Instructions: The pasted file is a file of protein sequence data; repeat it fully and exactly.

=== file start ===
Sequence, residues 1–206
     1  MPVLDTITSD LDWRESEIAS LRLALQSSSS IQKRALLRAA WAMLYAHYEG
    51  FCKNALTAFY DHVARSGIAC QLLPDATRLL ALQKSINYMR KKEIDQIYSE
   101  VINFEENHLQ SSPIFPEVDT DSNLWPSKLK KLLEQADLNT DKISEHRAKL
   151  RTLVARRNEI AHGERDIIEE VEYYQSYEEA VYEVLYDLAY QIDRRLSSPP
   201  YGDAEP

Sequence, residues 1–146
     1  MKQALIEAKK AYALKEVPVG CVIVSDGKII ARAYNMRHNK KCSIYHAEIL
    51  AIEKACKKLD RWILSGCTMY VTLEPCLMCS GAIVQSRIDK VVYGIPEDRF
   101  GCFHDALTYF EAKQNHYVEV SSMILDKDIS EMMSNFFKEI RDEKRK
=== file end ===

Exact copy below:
Sequence, residues 1–206
     1  MPVLDTITSD LDWRESEIAS LRLALQSSSS IQKRALLRAA WAMLYAHYEG
    51  FCKNALTAFY DHVARSGIAC QLLPDATRLL ALQKSINYMR KKEIDQIYSE
   101  VINFEENHLQ SSPIFPEVDT DSNLWPSKLK KLLEQADLNT DKISEHRAKL
   151  RTLVARRNEI AHGERDIIEE VEYYQSYEEA VYEVLYDLAY QIDRRLSSPP
   201  YGDAEP

Sequence, residues 1–146
     1  MKQALIEAKK AYALKEVPVG CVIVSDGKII ARAYNMRHNK KCSIYHAEIL
    51  AIEKACKKLD RWILSGCTMY VTLEPCLMCS GAIVQSRIDK VVYGIPEDRF
   101  GCFHDALTYF EAKQNHYVEV SSMILDKDIS EMMSNFFKEI RDEKRK